1 Ex parte Langley, 833 S.W.2d 141, 143 (Tex. Crim. App. 1992); see Ex parte White, 211 S.W.3d 316, 319 (Tex. Crim. App. 2007) (“As we have long held, ‘[i]t is well-settled that a probated sentence is not a final conviction for enhancement purposes unless it is revoked’”) (quoting Langley, 833 S.W.2d at 143).
2 See Tex. Code Crim. Proc. Art. 42.12, §6(a) (a trial court may, within 180 days of the date that the execution of the sentence actually begins, place the defendant on shock community supervision if the judge determines that the defendant would not benefit from further incarceration, “the defendant is otherwise eligible for community supervision under this article,” and the defendant has never been incarcerated in prison for a felony sentence); State v. Dunbar, 297 S.W.3d 777, 780 (Tex. Crim. App. 2009).
3 Meekins v. State, 340 S.W.3d 454, 470 (Tex. Crim. App. 2011); see Valtierra v. State, 310 S.W.3d 442, 451–52 (Tex. Crim. App. 2010) (consent to enter defendant’s apartment and speak with a suspected runaway in bathroom was sufficient, when combined with other facts, to support voluntary implied consent to walk down the apartment hallway); Johnson v. State, 226 S.W.3d 439, 440–41 (Tex. Crim. App. 2007) (calling 911 and asking for police assistance constituted implied consent for police to enter defendant’s home and investigate a homicide); Gallups v. State, 151 S.W.3d 196, 201 (Tex. Crim. App. 2004) (defendant’s hand gesture made towards officer was sufficient to convey consent for the officer to enter defendant’s home); Thomas v. State, 297 S.W.3d 458, 463-64 (Tex. App.—Houston [14th Dist.] 2009, pet. ref’d) (defendant voluntarily consented to the search of his pockets when he put his hands up, pushed his hip towards the officer, and “invit[ed] her to ‘look.’”); Kendrick v. State, 93 S.W.3d 230, 234 (Tex. App.—Houston [14th Dist.] 2002, pet. ref’d) (defendant consented to a pat-down search when he stood up and raised his hands); Simpson v. State, 29 S.W.3d 324, 329 (Tex. App.—Houston [14th Dist.] 2000, pet. ref’d) (defendant consented to the search of his car when he nodded his head affirmatively, despite his subsequent testimony that he did not give consent).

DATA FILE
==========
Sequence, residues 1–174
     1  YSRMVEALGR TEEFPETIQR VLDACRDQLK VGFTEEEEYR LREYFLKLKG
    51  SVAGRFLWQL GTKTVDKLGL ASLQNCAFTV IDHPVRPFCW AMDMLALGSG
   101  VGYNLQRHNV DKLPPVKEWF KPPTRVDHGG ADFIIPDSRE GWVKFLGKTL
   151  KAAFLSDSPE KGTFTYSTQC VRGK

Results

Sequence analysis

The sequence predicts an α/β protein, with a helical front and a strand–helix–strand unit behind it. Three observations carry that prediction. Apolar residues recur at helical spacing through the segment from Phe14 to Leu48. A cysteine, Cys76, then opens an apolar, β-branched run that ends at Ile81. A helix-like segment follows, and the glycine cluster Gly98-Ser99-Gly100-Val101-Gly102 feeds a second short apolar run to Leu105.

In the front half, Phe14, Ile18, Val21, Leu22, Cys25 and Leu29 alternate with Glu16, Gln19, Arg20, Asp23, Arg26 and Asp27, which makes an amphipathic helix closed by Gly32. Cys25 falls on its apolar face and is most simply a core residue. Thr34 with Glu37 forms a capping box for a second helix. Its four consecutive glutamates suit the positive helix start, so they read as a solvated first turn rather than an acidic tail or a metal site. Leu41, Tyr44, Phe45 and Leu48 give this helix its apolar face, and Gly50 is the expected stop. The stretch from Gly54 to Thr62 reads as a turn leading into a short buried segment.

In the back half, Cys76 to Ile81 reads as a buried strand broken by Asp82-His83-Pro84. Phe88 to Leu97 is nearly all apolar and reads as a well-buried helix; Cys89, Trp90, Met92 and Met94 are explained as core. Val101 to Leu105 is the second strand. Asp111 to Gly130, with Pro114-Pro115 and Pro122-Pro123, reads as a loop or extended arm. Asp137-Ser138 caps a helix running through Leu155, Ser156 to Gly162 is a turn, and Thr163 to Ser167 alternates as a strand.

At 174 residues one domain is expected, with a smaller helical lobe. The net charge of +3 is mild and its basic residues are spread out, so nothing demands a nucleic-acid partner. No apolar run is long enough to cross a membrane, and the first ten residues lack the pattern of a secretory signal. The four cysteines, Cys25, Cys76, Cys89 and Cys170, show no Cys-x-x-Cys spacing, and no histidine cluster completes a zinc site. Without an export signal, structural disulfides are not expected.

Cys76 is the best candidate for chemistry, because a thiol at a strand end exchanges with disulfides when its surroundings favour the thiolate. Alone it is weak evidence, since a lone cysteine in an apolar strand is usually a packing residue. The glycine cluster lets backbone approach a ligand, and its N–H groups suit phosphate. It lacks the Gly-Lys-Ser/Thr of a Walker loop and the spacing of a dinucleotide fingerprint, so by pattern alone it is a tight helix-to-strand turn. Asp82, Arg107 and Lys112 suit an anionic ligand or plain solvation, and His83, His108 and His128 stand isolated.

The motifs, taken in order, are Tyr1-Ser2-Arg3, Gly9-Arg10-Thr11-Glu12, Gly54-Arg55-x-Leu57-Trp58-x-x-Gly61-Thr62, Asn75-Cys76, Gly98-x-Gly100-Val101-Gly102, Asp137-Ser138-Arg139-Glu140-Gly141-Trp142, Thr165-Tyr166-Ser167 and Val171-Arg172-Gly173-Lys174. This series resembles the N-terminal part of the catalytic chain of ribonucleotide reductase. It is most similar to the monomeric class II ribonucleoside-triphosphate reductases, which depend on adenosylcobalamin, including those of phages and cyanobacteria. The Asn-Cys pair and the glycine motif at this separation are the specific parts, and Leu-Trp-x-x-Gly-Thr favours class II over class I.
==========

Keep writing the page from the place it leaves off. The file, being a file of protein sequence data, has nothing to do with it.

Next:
4 Meekins v. State, 340 S.W.3d 454, 459 (Tex. Crim. App. 2011); State v. Ibarra, 953 S.W.2d 242, 245 (Tex. Crim. App. 1997).
5 Id. at 459-60.
6 Tex. R. Evid. 404(b); Devoe v. State, 354 S.W.3d 457, 469 (Tex. Crim. App. 2011); see Nobles v. State, 843 S.W.2d 503, 514 (Tex. Crim. App.1992).
7 Devoe, 354 S.W.3d at 469; Moses v. State, 105 S.W.3d 622, 626 (Tex. Crim. App. 2003).
8 Tex. R. Evid. 404(b).
9 Williams v. State, 301 S.W.3d 675, 686-87 (Tex. Crim. App. 2009); De La Paz v. State, 279 S.W.3d 336, 345-47 (Tex. Crim. App. 2009).
10 Devoe, 354 S.W.3d at 469 (quoting Wyatt v. State, 23 S.W.3d 18, 25 (Tex. Crim. App. 2000).
11 Devoe, 354 S.W.3d at 469; Camacho v. State, 864 S.W.2d 524, 532 (Tex. Crim. App. 1993); Quincy v. State, 304 S.W.3d 489, 502 (Tex. App.—Amarillo 2009, no pet.).
12 Devoe, 354 S.W.3d at 469; Pondexter v. State, 942 S.W.2d 577, 584 (Tex. Crim. App.1996).